St. Louis Blues
Giving Fans a Chance to Play Together
But, there is some downtime between periods. The Blues wanted to fill those breaks in the action with entertainment on the 25-foot jumbotron perched over center ice. They’d been doing this with video for decades, but wanted something fresh. Their priorities were simple: keep the energy up, and focus it on the sponsors, and make it interactive.
Our team stepped in with the technology and creative application needed to pull off an interactive game at the Blues stadium for the first time. The central challenge revolved around ensuring the game and network could receive and process thousands of client requests at once with low latency and high stability—keeping gameplay as close to real-time as possible.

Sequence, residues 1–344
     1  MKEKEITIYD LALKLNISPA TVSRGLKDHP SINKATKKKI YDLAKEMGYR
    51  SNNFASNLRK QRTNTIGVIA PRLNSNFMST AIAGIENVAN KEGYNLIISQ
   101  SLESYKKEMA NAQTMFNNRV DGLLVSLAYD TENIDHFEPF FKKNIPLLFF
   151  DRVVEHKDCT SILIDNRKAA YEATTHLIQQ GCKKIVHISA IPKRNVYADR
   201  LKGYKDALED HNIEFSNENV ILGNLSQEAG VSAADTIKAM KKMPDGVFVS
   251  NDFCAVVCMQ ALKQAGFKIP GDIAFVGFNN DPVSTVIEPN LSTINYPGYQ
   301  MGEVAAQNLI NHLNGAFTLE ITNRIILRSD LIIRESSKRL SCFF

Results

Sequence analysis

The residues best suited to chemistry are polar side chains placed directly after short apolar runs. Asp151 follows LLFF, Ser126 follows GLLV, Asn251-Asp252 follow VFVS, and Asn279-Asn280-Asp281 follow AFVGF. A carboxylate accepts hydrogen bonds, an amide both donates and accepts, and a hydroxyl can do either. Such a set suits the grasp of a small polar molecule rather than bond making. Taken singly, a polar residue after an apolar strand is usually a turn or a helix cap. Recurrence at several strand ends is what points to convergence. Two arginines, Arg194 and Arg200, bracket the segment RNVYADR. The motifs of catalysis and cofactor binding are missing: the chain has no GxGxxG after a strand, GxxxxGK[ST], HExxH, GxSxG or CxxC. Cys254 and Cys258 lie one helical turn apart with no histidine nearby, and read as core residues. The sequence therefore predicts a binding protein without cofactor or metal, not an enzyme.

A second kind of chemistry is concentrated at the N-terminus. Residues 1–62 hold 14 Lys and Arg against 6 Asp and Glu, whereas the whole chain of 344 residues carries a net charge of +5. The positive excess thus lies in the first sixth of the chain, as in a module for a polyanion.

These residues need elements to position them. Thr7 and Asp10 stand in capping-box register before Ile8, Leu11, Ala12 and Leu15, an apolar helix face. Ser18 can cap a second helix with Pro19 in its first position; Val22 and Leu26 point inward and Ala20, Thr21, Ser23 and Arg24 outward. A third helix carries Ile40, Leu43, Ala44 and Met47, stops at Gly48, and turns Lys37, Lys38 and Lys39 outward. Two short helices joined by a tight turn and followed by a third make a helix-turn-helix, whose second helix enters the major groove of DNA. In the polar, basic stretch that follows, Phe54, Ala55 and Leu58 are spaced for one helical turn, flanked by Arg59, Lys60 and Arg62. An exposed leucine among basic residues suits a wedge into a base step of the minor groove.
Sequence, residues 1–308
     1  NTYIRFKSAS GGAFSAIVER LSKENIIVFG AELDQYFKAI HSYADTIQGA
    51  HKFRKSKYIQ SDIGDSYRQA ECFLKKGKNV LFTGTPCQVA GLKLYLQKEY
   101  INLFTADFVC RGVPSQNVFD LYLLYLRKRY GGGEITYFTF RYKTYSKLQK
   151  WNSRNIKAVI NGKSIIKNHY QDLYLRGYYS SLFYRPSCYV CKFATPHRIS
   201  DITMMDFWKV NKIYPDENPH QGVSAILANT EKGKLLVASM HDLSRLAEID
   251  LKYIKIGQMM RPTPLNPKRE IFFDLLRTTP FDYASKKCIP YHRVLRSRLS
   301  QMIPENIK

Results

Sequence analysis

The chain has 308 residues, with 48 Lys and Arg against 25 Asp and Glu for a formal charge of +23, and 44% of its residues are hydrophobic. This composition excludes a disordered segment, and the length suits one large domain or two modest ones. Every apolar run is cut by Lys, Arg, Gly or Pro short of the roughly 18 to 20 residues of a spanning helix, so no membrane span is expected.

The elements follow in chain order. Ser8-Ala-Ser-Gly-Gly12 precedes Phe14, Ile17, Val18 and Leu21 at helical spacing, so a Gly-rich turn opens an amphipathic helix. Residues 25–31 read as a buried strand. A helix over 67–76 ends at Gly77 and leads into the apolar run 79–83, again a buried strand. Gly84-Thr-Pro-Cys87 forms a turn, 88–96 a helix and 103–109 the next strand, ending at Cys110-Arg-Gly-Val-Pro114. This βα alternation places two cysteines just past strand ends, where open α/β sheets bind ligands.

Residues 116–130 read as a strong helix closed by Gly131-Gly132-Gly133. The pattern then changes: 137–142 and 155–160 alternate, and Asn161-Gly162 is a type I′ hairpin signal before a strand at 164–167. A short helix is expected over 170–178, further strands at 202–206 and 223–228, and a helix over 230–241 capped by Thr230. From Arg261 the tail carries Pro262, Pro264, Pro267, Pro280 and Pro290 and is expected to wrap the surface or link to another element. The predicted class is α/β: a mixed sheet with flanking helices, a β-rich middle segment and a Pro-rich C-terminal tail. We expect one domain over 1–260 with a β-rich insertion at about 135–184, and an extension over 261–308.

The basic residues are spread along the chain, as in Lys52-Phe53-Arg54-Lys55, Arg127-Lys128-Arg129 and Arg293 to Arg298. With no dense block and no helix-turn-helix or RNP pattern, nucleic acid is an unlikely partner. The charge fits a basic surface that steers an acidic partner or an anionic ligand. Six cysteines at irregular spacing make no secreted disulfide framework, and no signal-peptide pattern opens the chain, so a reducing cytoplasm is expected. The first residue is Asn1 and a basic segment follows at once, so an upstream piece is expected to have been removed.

To do this, we created a second screen web application backed by integrated AWS services that hosted, analyzed and processed our input data streams. This allowed us to network device experiences together so users in a crowd could manipulate a central screen.
After we established the backing infrastructure, we ideated on compelling game flows and concepts to engage fans in a way that felt entertaining and non-invasive. We landed on a zamboni racing game, which married elements of a water gun horse race you’d see at a carnival, but in the style of the 8-bit video games from the early 90s.
Here’s how it worked: Fans scanned the QR code that appeared on the jumbotron and their phone became a video game controller. Three zambonis lined up against one another overhead on the big screen. Fans were assigned to one of three teams. When the race started, fans tapped the button on their phone as fast as they could—the more they tapped, the faster their zamboni drove. The members of the winning team won a special offer from the sponsor brand.